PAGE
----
Bird ID

by Kris Beach
(Port Charlotte, Florida)

I took this picture of a bird in my backyard in Port Charlotte, FL. He looks like a Yellow Rumped Warbler but think he's too big to be one. Any idea?


Comments for Bird ID

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May 15, 2013

HOLA Your bird is without a doubt a Yellow Wagtail pretty common this side of the POND UK.CONGRATS.ON PICTURE BRILL.Hasta luago From sunny Spain[not quite at moment in middle of electric storm with HAIL!!!]ATB ADIOS EL DIABLO.

Mar 11, 2013
More info LOL
by: GaryE

So now the next question for me is "Are Eastern Yellow Wagtail's sold as pets?". I did a google search and I found a free electronic version of a book (with no copyright date) which does suggest that Eastern Yellow Wagtail's have been kept as pets -- the fact that it is available for free indicates to me that the book must be at least 75 years old but that is the only indication I have that they have *ever* been available as house pets -- the link is going to be very long but here it is if anyone is interested ( So we have a bird over 5,000 miles from its natural habitat which *may* have been sold as a pet 75 years ago LOL. I would like much better proof than that.

It must be an Eastern Yellow Wagtail but I can not begin to comprehend how it got to *South* Florida. LOL

Mar 09, 2013
no problem!
by: GaryE

LOL no problem . . . I am a "teach a person to fish" kind of guy and I had a lot of fun trying to track it down! If someone else learns how to hunt down a bird from my ramblings (or someone can help me hunt down birds better) that is all good stuff!

Good luck spotting it again! Any way you look at it you have a bird that is more than extremely rare in your neck of the woods LOL and that is a cool thing!

Twice a year my wife and I get a "free" guided walk with a bunch of PhD birding experts as part of our membership to a birding research/out reach/bird guiding group associated with the Smithsonian/National Zoo. I am definitely going to bookmark this page and bring along my wife's iPad to the next walk and see if any of the 3 or 5 or 10 (depending upon how many people show up) PhD expert guides that lead us around can come up with a better explanation/identification -- but do not hold your breath the next walk I think is still 2 or so months away. But these guys are amazing they can identify birds by just hearing 2 notes of their song at over 100 yards -- it is crazy exciting going out with them.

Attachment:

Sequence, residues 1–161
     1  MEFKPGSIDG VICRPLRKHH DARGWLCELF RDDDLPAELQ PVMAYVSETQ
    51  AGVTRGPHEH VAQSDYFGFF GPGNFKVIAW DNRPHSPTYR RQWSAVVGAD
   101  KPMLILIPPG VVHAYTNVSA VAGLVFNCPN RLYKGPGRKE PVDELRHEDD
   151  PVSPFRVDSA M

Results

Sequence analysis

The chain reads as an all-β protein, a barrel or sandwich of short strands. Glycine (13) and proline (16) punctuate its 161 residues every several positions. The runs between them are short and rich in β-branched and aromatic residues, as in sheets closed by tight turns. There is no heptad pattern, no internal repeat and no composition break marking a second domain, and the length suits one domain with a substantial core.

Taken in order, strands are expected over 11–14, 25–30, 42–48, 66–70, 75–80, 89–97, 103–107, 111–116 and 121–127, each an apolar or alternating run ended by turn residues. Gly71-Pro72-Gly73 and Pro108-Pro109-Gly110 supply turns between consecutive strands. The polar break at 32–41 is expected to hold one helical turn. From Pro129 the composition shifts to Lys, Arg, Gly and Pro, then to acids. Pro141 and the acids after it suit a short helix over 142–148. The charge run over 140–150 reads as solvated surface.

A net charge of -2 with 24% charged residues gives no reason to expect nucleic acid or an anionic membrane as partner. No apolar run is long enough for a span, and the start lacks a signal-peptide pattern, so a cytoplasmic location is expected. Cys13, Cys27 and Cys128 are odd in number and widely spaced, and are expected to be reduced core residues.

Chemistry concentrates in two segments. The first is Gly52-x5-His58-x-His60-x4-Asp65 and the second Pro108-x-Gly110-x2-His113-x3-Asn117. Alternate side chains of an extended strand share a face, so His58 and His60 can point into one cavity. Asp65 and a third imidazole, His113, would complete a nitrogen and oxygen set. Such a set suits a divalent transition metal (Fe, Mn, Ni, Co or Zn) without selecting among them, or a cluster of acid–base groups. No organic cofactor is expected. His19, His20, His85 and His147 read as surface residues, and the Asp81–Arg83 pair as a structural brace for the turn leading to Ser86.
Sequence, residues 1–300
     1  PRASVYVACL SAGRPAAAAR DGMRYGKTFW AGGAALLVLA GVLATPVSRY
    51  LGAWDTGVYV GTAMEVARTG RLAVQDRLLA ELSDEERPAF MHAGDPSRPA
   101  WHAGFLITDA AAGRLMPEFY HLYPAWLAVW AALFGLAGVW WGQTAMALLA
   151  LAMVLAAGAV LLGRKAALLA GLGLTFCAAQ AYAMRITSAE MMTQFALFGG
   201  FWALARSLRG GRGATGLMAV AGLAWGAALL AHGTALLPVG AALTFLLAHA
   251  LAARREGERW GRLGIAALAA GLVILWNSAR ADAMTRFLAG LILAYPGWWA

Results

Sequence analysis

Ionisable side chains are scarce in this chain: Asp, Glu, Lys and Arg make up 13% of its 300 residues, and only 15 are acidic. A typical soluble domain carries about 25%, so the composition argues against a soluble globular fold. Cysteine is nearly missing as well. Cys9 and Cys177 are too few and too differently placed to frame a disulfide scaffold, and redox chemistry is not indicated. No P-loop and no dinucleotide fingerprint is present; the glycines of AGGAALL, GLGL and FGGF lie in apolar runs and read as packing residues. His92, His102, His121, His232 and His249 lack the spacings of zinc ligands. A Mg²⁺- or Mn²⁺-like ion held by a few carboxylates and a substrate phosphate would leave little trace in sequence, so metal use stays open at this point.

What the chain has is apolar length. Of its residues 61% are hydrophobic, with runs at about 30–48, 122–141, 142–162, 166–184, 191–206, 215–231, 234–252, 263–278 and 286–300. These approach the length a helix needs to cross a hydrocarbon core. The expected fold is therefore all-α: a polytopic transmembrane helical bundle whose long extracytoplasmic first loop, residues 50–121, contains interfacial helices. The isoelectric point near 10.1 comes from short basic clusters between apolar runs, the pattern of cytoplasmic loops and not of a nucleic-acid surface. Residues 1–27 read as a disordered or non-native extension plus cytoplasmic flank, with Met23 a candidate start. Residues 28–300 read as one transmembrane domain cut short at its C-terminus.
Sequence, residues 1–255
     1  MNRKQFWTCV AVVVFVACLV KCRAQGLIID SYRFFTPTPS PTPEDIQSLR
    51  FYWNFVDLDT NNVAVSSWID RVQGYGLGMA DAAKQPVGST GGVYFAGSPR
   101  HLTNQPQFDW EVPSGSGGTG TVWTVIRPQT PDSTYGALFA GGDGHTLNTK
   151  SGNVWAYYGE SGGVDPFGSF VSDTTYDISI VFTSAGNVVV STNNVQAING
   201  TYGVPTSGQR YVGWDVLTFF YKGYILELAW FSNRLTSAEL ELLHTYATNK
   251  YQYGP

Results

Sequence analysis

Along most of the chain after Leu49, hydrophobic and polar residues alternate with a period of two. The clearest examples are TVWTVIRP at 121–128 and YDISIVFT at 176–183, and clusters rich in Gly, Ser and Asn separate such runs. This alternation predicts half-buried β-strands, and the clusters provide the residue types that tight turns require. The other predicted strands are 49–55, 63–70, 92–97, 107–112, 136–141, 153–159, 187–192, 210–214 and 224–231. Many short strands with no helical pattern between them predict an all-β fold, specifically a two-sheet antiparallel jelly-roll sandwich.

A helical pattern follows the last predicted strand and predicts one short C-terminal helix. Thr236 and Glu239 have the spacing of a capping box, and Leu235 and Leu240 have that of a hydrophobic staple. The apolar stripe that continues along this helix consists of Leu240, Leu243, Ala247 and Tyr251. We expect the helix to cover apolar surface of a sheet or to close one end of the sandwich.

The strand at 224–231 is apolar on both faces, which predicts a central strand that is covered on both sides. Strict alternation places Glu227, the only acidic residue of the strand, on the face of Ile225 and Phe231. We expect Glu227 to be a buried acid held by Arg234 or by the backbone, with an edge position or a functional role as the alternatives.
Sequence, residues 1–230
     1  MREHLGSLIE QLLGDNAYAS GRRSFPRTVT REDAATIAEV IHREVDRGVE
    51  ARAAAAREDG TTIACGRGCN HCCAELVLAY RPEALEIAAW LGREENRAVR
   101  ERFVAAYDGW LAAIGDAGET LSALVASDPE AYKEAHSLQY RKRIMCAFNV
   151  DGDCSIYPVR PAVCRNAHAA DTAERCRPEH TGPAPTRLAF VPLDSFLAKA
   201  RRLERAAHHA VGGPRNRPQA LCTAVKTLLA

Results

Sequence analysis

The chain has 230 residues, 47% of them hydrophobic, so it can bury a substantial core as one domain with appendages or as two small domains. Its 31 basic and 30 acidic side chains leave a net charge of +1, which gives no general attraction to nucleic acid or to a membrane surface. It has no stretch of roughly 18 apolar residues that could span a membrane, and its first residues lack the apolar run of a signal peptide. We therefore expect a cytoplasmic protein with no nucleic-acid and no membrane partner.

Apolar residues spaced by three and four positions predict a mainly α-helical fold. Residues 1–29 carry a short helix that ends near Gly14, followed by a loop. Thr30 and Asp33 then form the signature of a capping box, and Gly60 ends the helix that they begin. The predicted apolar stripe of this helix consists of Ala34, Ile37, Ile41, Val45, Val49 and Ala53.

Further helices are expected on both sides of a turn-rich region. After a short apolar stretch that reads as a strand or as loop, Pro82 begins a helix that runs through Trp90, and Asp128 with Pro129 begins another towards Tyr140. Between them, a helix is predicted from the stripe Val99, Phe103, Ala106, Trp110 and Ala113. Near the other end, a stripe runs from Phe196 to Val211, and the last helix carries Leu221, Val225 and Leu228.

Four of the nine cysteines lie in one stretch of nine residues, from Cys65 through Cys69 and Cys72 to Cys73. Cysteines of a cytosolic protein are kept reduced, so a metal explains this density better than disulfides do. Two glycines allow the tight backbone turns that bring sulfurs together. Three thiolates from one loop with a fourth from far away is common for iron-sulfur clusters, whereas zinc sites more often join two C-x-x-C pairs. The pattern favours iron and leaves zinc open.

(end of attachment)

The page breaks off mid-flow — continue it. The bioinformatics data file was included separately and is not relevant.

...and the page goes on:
Mar 09, 2013
by: Anonymous

I looked at my previous comment and half of it made it and half did not.
Anyway I wanted to thank Gary for all your research. I like to sit outside early in the morning and in the evening with my camera. I hope he returns and maybe I'll get lucky again. Usually new birds hand around for a day or two then move on. I love doing what I'm doing especially in this 75 degree weather!

Mar 09, 2013
by: Anonymous

So he could be an escaped pet. I'm going to spend time out with my camera again (I usually do) in my back yard and watch and wait. I hope he returns. Gary thank you so much for all the research. It's very interesting!

Mar 09, 2013
Yeah it is looks like a wagtail alright
by: GaryE

Well Judy my go to book (national Audubon Society Field guide to North American Birds) which organizes birds by color rather than type does not have yellow or grey wagtails in it AT ALL. Which explains how I missed it LOL